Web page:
The Lord deploys his spokesmen for the purpose of edification and unity. In other words, The Lord would have us be one. "If ye are not one, ye are not mine." (D&C 38:27).
I've been noticing a trend among some friends whose thoughts populate my social media feeds. There are those who like to stir the pot sometimes, to play devil's advocate, to criticize church policy, or to bring up historical or doctrinal inconsistencies or difficulties with the declared intention of inspiring deeper thought, more informed conviction, and a more open discussion about the skeletons in our collective religious closet. I would caution us all to be wary of such waters.
I am all for a greater understanding of church history and doctrine and I fully support a more open dialogue. In my experience, however, what is often done in the name of reevaluation of thought and opening dialogue may sometimes be motivated more by personal gratification -- the need to feel smarter, more enlightened than the rest, or possibly the need to justify one's unorthodox behavior. I say this because I've felt this motivation within myself when I've caught myself preaching the gospel of Mike and it has disguised itself thus. I believe we should treat this motive cautiously. As Paul says once again, "Let all things be done unto edifying." (1 Corinthians 14:26)
When I was in high school, I had a friend who was like a Nephi to me. We'll call him Ryan. He was a man large in stature (see what I did there?), popular yet humble, and an impeachable example of a young Latter-day Saint. Among my group of friends, we would half-jokingly refer to him as our moral compass, which would frustrate him, but he was a good sport about it.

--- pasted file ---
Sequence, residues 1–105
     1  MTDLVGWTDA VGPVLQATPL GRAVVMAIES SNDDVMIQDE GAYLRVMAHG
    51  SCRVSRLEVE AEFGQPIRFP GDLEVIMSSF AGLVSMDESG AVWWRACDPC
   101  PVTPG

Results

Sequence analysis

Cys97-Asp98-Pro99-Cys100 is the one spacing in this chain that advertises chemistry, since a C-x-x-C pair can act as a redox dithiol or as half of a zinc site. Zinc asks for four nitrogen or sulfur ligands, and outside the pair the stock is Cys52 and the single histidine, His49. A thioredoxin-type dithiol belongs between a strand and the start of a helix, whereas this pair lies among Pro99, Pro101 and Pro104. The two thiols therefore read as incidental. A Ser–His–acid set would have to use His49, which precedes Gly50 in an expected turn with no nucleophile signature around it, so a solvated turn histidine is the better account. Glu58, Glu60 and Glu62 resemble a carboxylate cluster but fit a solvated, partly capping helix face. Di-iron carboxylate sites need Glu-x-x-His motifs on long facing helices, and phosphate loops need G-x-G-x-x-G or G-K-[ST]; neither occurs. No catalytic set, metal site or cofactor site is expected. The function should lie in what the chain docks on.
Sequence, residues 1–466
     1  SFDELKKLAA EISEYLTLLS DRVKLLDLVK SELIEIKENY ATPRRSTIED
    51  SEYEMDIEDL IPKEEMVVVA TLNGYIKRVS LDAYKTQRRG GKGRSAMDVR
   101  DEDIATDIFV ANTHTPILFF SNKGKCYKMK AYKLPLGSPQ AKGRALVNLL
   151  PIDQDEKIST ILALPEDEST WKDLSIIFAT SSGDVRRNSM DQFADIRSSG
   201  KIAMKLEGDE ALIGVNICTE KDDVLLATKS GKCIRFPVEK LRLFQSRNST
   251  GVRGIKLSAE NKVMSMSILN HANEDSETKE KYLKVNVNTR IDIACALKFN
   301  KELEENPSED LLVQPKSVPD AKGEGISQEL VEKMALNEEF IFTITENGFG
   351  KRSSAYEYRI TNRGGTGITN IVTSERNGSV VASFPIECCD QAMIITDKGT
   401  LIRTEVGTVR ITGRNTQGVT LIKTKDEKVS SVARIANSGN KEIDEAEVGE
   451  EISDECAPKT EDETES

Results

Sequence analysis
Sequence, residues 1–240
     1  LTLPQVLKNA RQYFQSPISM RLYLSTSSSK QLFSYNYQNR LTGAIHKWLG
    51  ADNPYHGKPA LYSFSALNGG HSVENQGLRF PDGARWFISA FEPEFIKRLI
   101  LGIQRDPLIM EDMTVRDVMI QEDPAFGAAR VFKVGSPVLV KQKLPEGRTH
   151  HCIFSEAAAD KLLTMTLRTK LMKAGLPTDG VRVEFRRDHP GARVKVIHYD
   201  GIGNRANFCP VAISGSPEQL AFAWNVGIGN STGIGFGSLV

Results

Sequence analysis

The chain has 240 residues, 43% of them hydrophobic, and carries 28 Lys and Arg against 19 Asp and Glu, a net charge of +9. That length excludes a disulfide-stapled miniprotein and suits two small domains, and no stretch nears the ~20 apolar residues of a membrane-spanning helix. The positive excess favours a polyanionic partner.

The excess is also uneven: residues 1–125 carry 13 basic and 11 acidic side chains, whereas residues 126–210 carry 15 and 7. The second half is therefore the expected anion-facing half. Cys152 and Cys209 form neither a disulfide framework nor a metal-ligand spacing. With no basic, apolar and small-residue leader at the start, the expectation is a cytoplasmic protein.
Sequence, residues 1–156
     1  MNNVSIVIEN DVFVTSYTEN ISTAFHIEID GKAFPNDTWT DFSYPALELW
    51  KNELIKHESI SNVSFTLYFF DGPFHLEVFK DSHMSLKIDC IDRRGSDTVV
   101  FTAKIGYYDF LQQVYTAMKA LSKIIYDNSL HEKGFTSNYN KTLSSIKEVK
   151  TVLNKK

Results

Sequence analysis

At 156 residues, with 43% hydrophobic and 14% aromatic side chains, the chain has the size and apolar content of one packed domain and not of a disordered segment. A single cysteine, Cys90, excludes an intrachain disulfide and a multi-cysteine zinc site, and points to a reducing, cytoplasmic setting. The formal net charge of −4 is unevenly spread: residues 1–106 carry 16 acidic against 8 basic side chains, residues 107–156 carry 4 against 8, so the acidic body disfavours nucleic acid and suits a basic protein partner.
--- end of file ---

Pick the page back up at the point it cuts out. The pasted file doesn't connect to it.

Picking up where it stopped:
One day, between classes, Ryan and I were walking with a non-member friend who we'll call Chad who was trying to needle Ryan about his conservative values. Chad justified his teasing with words to effect of, "I'm just trying to get people to think, you know? That's how people figure out what they really believe."
Ryan would not be fooled. "No, Chad, that's how you ruin people's lives."
That response may strike you as dramatic. It was. It stuck with me for years and years and kept me from straying into some controversial ground before I was ready for it. Once again, don't misunderstand me. Knowledge is power and I am all for people learning everything they can. I just believe knowledge is meant for strengthening people, not weakening them. I'm full of Paul quotes today. Here's another one: "Let us not therefore judge one another any more: but judge this rather, that no man put a stumblingblock or an occasion to fall in his brother’s way... If thy brother be grieved with thy meat...destroy not him with thy meat." (Romans 14:13,15)
So how important is this whole edify thing? There's no real harm in being a little iconoclastic, right? I can think of no response more direct than this:
"That which doth not edify is not of God, and is darkness." (D&C 50:23)
I am sure we would all rather not deal in darkness.
Let me suggest 3 filters we all use on ourselves as these polarizing issues come up to help us edify one another. When interacting with others online or in person, ask yourself:
1) Does what I am saying uplift or put down those with whom I am communicating?
2) Does what I am saying make me feel superior to others, or equal with them?
3) Are we all happier/better for having had this discussion?
If we truly wish to move forward, to inspire a more open dialogue, to better inform our beliefs and testimony, to eliminate damaging stigmas, to erase stereotypes, and above all to live more fully the gospel of Jesus Christ, we need to follow Paul's counsel. "Let all things be done unto edifying." (1 Corinthians 14:26). If we can do that, we may find our way more quickly to the happy medium of polarizing issues. We will find ourselves radiating a more Christian sense of compassion and joy. We can pull some pockets of darkness in the world into a brighter light.